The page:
Cabarrus County Commissioners look to reverse recent budget cuts

After the Dec. 1 swearing-in ceremony for three new Cabarrus County commissioners, the board began reversing budget cuts made in June.

The cuts were proposed by outgoing commissioner Jason Oesterreich and approved in a 3-2 vote by the three commissioners who lost their seats in November.

During the board’s work session, commissioners asked the county staff for details on how to restore library hours and staff, to boost funding for the Cabarrus Economic Development Corp.; and to bring back the county’s employee health and wellness program.

They also asked how restoring those cuts would affect the budget, which started July 1.

The new board members are top vote-getter Diane Honeycutt, former commissioner Grace Mynatt and former school board chairman Lynn Shue. They said they will join Commissioners Liz Poole and Steve Morris, who voted against the cuts, in working to undo the decision.

When the board adopted the budget in June, an additional $3 million was cut from Cabarrus County Manager Mike Downs’ proposed $209.7 million budget for fiscal 2014-15.

The cuts eliminated several positions, including a deputy county manager, park and library employees, members of the property revaluation team, a custodian and several landfill operators.

The adopted budget also delayed staffing the Cabarrus County Public Library’s Midland branch and halted development of Wallace Park in Midland.

Cuts to the library hours and staff were made five years ago during the recession, Poole said. But since the economy has improved, it’s time to increase library hours and staff.

“We want to at least get them open five days per week during this fiscal year and work for six days per week during the next fiscal year, at all libraries,” Poole said. “Part-time and full-time positions will be at the discretion of staff, but it is long past time for us to get our libraries open to our community.”

Mynatt agreed, then pushed for the county to fund economic development fully for the rest of this fiscal year. The budget cut roughly $330,000 from EDC funding.

Mynatt also asked staff to research options for getting the Wallace Park project moving forward.

“Voters were weary of the dissension from and dominance by one member of the board,” Mynatt said of the May primaries.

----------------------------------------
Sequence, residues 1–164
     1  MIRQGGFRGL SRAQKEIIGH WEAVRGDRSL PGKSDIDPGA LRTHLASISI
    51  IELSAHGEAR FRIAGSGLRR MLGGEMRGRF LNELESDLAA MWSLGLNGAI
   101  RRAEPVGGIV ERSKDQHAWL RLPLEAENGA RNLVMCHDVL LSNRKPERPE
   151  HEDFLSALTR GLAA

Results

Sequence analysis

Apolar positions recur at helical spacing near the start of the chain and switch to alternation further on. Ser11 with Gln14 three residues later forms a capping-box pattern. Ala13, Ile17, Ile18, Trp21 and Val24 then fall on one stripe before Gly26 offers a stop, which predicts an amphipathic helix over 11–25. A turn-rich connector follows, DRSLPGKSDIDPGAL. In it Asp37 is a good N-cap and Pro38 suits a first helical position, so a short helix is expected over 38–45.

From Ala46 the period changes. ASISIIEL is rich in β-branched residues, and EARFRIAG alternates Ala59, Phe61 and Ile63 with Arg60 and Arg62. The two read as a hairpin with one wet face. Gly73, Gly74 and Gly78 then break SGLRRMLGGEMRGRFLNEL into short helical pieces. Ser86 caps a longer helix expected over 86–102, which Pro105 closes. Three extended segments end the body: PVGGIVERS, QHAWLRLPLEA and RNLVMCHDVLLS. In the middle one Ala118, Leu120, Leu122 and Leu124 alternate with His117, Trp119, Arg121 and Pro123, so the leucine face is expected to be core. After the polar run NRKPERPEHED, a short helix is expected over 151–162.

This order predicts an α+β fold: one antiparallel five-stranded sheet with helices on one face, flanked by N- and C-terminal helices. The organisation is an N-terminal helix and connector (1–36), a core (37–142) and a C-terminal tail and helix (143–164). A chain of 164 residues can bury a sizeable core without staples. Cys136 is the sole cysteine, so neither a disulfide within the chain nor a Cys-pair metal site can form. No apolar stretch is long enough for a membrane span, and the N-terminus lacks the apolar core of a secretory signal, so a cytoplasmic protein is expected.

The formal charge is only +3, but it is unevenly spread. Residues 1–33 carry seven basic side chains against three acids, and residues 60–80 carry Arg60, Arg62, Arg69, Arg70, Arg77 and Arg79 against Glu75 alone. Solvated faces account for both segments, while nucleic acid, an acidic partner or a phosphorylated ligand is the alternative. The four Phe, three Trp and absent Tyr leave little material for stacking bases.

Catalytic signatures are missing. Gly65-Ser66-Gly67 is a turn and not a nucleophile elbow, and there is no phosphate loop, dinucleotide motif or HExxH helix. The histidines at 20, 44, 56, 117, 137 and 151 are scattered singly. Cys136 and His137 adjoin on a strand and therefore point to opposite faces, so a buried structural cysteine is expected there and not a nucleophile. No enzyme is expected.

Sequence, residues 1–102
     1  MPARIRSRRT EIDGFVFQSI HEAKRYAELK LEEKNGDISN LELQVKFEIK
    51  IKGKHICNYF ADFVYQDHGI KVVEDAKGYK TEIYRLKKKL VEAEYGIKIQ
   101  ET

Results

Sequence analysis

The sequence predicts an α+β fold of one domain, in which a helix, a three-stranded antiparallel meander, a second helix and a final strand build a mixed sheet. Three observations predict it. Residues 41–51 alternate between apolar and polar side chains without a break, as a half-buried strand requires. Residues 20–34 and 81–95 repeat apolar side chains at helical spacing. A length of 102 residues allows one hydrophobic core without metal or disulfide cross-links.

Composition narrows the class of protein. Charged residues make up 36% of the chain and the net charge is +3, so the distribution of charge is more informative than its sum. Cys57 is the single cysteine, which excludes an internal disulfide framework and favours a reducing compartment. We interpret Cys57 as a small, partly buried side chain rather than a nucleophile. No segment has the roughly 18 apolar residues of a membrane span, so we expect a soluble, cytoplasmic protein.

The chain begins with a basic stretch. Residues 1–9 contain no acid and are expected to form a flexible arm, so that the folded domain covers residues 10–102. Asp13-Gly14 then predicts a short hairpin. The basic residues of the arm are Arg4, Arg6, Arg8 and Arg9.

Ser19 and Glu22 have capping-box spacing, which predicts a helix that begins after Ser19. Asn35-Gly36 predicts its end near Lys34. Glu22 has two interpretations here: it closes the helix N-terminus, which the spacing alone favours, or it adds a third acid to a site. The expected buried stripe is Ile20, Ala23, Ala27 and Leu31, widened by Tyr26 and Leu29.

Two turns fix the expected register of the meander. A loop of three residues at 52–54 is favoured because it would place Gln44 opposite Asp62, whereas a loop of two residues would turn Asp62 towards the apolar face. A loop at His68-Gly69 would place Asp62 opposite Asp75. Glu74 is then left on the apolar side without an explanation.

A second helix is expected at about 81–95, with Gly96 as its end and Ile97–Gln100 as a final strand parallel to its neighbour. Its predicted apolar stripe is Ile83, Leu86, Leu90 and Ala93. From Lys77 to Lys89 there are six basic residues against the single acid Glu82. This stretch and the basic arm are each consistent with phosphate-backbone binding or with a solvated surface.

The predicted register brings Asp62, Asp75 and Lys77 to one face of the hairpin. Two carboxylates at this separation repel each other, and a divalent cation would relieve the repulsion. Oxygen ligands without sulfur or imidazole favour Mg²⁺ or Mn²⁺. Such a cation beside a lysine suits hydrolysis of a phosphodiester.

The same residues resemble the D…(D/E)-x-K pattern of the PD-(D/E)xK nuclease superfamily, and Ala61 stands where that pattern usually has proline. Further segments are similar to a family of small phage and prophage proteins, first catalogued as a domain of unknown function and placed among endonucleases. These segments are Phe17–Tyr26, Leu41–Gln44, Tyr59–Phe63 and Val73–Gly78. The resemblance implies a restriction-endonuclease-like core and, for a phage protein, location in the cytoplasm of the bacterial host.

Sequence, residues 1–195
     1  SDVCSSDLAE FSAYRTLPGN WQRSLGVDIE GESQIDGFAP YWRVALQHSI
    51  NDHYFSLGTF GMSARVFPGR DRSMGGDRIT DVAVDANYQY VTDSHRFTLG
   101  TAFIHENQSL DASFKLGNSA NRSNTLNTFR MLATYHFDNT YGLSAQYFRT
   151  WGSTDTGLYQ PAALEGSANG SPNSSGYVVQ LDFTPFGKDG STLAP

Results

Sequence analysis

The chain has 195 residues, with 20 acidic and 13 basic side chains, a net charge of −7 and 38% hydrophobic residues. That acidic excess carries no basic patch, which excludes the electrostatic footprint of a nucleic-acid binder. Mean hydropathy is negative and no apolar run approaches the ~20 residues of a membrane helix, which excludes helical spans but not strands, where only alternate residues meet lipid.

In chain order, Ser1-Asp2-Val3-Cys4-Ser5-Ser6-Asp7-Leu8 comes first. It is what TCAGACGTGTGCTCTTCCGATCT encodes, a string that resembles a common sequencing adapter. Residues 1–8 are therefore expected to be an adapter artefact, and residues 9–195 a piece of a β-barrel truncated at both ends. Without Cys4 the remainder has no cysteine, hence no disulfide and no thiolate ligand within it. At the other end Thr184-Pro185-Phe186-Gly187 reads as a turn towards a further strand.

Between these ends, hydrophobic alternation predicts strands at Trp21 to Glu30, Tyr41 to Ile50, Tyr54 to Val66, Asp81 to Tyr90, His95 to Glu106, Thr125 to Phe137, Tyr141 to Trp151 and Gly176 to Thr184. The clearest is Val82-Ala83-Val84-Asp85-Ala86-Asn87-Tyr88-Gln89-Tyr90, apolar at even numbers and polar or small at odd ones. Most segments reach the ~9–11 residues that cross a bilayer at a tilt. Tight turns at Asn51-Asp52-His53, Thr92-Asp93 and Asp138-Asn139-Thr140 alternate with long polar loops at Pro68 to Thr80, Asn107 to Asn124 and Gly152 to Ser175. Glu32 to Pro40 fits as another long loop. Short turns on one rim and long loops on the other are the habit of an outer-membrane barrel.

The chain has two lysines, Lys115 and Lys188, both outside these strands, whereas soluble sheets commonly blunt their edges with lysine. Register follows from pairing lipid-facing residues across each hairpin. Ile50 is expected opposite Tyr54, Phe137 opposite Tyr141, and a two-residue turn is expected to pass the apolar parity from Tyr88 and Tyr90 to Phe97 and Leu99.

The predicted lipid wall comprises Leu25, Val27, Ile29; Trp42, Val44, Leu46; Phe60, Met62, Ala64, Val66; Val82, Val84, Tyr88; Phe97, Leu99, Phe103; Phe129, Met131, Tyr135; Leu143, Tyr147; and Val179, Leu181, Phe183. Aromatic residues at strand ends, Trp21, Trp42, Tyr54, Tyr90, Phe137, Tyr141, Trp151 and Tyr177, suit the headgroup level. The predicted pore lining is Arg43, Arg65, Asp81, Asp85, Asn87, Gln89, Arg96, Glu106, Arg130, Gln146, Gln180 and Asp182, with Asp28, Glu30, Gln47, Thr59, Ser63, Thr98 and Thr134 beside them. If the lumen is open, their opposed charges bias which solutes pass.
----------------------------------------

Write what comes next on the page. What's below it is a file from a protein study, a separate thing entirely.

“... They wanted representatives who, through having served in other offices or civic leadership roles, gave them assurance that the climate of distrust and tension would end.”

While the county’s final audit isn’t in yet, Shue said, he expects there could be as much as $5 million that wasn’t used from last year’s budget.

During a brief speech after getting sworn in, Honeycutt said it’s time for the board to come together and work for the good of the community.

“And, hopefully, that can be done professionally and respectfully,” she said.

Kristel Swayze, 39, a Kannapolis native, is a supporter of new commissioners. She attended the ceremony.

“This is going to pull our community back together,” she said. “I grew up in this community … and when I left (for college) I said I’d never come back.

“But now I can’t imagine ever moving away, and it’s because of a lot hard work by elected officials, employees, county agencies and businesses.

“We are a growing community,” she said. “… We need to be able to have businesses, we need to have schools, we need to have infrastructure and, unfortunately, the county commissioners, as it stood, were not willing to make it a better community.”

Auto dealer executive Cyndie Mynatt, Grace Mynatt’s daughter, said the new board has the challenge of dealing with explosive growth.

“Moving forward, I think we have five good business heads, and we’re just poised to grow,” she said. “New companies are coming in, and they’re noticing us and… the economic development community.

“They talk, and they know we’ve had a changing of the guard, and they’ll look upon that favorably.”

Jim Ramseur, who has served on Concord City Council for nearly 20 years, said this was first time he could remember where the board shares the same goals as the city council.

“We all love our county, and we all love our city, and I look forward to working with people who are willing to cooperate with no drama,” he said.